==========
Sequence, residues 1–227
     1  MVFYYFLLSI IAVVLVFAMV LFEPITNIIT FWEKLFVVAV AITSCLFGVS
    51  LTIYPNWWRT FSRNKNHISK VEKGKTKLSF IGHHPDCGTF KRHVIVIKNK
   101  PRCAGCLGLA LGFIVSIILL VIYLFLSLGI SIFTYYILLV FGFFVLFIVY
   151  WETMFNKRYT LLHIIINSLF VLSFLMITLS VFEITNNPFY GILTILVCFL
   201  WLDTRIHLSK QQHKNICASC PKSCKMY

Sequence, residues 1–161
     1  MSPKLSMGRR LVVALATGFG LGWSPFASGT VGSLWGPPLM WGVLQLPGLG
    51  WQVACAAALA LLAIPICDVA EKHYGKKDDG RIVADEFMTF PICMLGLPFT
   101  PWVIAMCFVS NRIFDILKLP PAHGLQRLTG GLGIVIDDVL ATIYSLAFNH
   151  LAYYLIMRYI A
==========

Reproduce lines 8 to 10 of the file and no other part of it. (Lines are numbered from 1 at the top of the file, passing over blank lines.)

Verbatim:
     1  MSPKLSMGRR LVVALATGFG LGWSPFASGT VGSLWGPPLM WGVLQLPGLG
    51  WQVACAAALA LLAIPICDVA EKHYGKKDDG RIVADEFMTF PICMLGLPFT
   101  PWVIAMCFVS NRIFDILKLP PAHGLQRLTG GLGIVIDDVL ATIYSLAFNH